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Tom Glavine and the Hall

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  • #76
    Originally posted by ElHalo
    No, you generally come across as very intelligent and articulate in your points, but you seem to have an almost pathological hatred for players who can put up good BA's.
    Or who played in the 20's


    No doubt Atlanta has had great defenses. I can't believe that Matt actually said Brian Jordan was an all-time great outfielder, but in any case; I think Glavine's defense has less to do with his success than his approach/ability does.

    His approach has been to feed off the hitter's aggressiveness, and in this era, a better approach can't be found. It certainly hasn't hurt him that his outside corner extends 3 inches, but I credit him for A) being consistent enough to eventually get that call B) being talented and smart enough to exploit it for all its worth

    He's earned that call. He stays away with a tailing fastball and changeups, and occasionally comes inside to keep the hitters honest. If he has a ton of ground ball outs, its not because the defense is brilliant, its because guys are constantly trying to pull the pitch on the outside corner. Glavine sticks to his game plan. When he gets in trouble is when teams actually decide to take what is given to them, by going up the middle and the other way, while at the same time being ready to capitalize on any mistake inside. He will occasionally leave one out over the plate, but often he gets away with it because the hitters are diving out across; all they can do is foul it off or get fisted. To me, Glavine has been a consistently great pitcher, not because he has outstanding stuff, but because he understands the art of pitching and how to use what he does have.

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    • #77
      Originally posted by SABR Matt
      Lordy..I'm agreeing with EH...I don't know what to do here...this is a first...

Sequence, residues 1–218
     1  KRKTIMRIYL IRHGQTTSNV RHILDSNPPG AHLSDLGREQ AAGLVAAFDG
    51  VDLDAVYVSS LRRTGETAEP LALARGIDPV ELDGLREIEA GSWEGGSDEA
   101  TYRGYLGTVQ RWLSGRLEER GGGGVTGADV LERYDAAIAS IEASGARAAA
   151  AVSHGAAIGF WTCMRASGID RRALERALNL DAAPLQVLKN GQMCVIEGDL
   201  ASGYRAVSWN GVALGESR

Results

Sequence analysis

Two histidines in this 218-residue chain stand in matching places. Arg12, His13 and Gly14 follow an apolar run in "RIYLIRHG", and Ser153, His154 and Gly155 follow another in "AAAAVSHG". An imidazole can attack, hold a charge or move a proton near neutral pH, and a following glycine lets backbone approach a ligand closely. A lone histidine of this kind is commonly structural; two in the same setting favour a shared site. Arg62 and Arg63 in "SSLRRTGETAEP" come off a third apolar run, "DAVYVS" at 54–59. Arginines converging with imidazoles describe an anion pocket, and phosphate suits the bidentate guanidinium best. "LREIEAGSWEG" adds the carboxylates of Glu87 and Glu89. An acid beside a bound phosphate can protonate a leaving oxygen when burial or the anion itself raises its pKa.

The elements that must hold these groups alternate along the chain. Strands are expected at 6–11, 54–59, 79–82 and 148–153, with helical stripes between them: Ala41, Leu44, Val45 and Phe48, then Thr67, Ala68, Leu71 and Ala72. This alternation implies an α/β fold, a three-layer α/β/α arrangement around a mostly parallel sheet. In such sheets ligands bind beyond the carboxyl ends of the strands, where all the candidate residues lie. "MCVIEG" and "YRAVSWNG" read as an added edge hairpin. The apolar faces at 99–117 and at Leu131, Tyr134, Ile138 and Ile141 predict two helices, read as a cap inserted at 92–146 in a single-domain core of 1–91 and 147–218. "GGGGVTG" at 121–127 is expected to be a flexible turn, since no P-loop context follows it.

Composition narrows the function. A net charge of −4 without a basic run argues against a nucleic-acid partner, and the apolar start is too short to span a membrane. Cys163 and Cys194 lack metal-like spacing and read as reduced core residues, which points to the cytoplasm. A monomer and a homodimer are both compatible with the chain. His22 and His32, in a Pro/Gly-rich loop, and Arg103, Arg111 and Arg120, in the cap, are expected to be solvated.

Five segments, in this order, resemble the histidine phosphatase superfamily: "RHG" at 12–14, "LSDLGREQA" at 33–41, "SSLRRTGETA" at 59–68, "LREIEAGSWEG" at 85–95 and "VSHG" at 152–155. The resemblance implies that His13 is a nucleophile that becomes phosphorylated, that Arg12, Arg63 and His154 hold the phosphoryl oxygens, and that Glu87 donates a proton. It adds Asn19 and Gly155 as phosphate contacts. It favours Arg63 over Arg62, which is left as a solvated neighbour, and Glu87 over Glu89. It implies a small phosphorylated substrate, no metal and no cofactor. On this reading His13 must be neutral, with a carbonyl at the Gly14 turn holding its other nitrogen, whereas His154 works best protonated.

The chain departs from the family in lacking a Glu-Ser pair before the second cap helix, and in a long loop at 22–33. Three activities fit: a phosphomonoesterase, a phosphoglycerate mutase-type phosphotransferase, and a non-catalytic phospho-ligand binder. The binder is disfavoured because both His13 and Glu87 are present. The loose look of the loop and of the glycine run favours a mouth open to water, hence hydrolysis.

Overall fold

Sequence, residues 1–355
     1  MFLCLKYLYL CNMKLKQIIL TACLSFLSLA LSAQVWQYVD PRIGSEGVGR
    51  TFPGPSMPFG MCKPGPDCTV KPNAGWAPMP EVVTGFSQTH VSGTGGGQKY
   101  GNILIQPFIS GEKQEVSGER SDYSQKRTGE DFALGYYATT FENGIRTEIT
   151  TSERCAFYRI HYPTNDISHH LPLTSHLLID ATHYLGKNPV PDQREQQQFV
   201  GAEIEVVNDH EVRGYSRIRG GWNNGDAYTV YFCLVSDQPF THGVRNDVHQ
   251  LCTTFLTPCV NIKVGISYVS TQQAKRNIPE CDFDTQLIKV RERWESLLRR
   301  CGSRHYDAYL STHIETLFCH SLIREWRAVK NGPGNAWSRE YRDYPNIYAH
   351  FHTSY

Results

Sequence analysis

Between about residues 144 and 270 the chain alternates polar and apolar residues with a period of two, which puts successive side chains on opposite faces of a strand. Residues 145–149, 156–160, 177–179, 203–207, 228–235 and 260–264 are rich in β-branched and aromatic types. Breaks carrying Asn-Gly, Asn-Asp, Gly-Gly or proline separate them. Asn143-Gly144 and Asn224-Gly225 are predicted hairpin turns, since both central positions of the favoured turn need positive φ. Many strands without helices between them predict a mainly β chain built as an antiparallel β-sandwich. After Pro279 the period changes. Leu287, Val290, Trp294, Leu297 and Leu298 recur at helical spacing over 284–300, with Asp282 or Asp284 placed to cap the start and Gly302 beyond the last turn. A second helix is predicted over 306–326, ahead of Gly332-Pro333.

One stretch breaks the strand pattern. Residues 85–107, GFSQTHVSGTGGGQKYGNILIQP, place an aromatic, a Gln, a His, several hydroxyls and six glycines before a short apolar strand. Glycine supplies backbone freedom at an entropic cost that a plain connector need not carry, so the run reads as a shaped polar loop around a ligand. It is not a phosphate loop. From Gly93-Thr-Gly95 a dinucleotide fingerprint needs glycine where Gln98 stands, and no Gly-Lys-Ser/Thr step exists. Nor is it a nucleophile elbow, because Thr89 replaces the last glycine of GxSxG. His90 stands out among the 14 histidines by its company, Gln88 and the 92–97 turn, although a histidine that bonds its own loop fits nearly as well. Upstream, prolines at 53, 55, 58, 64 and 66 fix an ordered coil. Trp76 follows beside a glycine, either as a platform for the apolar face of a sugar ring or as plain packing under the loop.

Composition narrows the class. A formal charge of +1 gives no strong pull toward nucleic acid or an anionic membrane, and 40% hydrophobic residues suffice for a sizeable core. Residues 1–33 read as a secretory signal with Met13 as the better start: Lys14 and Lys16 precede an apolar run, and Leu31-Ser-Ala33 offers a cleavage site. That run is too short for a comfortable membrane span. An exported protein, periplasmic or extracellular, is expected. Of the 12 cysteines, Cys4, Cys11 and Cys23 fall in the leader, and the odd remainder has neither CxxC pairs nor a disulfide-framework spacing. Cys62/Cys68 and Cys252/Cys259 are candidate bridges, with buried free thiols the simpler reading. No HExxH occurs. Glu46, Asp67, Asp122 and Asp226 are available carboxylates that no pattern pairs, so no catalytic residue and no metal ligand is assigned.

But isn't your top pitcher ever Maddux?
      Mythical SF Chronicle scouting report: "That Jeff runs like a deer. Unfortunately, he also hits AND throws like one." I am Venus DeMilo - NO ARM! I can play like a big leaguer, I can field like Luzinski, run like Lombardi. The secret to managing is keeping the ones who hate you away from the undecided ones. I am a triumph of quantity over quality. I'm almost useful, every village needs an idiot.
      Good traders: MadHatter(2), BoofBonser26, StormSurge

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      • #78
        I don't necessarily agree with the idea that Glavine is a product of a certain environment. But even if he is, so what? That shouldn't discount the success he had. And he has had HoF level success. Just because he played on good teams we're going to say "okay, none of his stats count because his team was consistently very good." That's pure bull. The goal is to win games, and Glavine has been very successful at that for a long, long time. That, atleast to me, is the definition of what a Hall of Fame pitcher should be.

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        • #79
          Originally posted by RuthMayBond
          But isn't your top pitcher ever Maddux?
          he dropped to 7th recently...and even though he was a Brave, he didn't need his Braveishness to be great...PCA sees a huge difference between Glavine and Maddux.

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          • #80
            Originally posted by Sultan_1895-1948
            Or who played in the 20's


            No doubt Atlanta has had great defenses. I can't believe that Matt actually said Brian Jordan was an all-time great outfielder, but in any case; I think Glavine's defense has less to do with his success than his approach/ability does.

            His approach has been to feed off the hitter's aggressiveness, and in this era, a better approach can't be found. It certainly hasn't hurt him that his outside corner extends 3 inches, but I credit him for A) being consistent enough to eventually get that call B) being talented and smart enough to exploit it for all its worth

            He's earned that call. He stays away with a tailing fastball and changeups, and occasionally comes inside to keep the hitters honest. If he has a ton of ground ball outs, its not because the defense is brilliant, its because guys are constantly trying to pull the pitch on the outside corner. Glavine sticks to his game plan. When he gets in trouble is when teams actually decide to take what is given to them, by going up the middle and the other way, while at the same time being ready to capitalize on any mistake inside. He will occasionally leave one out over the plate, but often he gets away with it because the hitters are diving out across; all they can do is foul it off or get fisted. To me, Glavine has been a consistently great pitcher, not because he has outstanding stuff, but because he understands the art of pitching and how to use what he does have.
            Jordan was an all-time great *DEFENSIVE*...outfielder. Not an alltime great all around outfielder.

            And the fielding metrics I have access to all agree he was in his prime a fantastic fielder.

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            • #81